On the morning of June 5, 2013, early-bird shoppers and employees at a Philadelphia Salvation Army thrift store were buried alive.
For weeks before the collapse, contractors had worked on a demolition project next door to the thrift store. Corners were cut, warnings of potential dangers ignored, and safety precautions passed by, but no one inside the store knew that, until a wall of the demolished building crumbled ahead of schedule and came crashing down on its neighbor. The roof of the Salvation Army store buckled with no warning. Those who were lucky escaped. The other thirteen found themselves buried under the rubble.
In the aftermath, rescuers flooded the scene, concerned parties searched for their loved ones, and a single question rose from the ruins: Why did this happen? Were the contractors at fault? Evidence of drug use and overall incompetence suggests the contractors had a lot to answer for, but there were bigger players as well. Someone paid for the demolition project, hired less-than-ideal laborers, and neglected to pay close attention to the execution. And what about the city? Philadelphia's construction regulations were clearly insufficient to prevent this disaster.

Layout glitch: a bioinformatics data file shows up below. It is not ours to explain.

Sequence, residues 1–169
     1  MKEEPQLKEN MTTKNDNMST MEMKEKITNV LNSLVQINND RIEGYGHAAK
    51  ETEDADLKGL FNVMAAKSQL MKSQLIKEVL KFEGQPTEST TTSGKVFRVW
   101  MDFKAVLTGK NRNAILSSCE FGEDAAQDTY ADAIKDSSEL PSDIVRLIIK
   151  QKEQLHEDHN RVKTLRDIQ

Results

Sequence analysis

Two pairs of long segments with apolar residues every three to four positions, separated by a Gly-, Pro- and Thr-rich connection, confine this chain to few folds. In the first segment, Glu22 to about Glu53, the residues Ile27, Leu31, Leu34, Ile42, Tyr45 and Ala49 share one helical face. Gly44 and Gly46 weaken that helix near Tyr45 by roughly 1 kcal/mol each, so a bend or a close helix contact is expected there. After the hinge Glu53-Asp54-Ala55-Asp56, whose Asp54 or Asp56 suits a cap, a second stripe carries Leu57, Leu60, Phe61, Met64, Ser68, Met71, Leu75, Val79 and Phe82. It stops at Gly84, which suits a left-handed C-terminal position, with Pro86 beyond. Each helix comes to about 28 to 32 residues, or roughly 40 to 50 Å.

Shortly after this catastrophe, blame focused on the contractor and heavy equipment operator but didn't the Salvation Army have an obligation to close its store to protect its employees and customers in light of the warnings of potential danger?
The disaster led to criminal prosecutions and a lawsuit that resulted in one of the longest trials in Pennsylvania history, involving hundreds of millions of dollars. Throughout the process, city officials, lawyers, and the public at large continued to argue about who was most to blame. In Justice under the Rubble, Andrew Stern and George Anastasia tell the moving and sometimes chilling story of the pursuit of justice.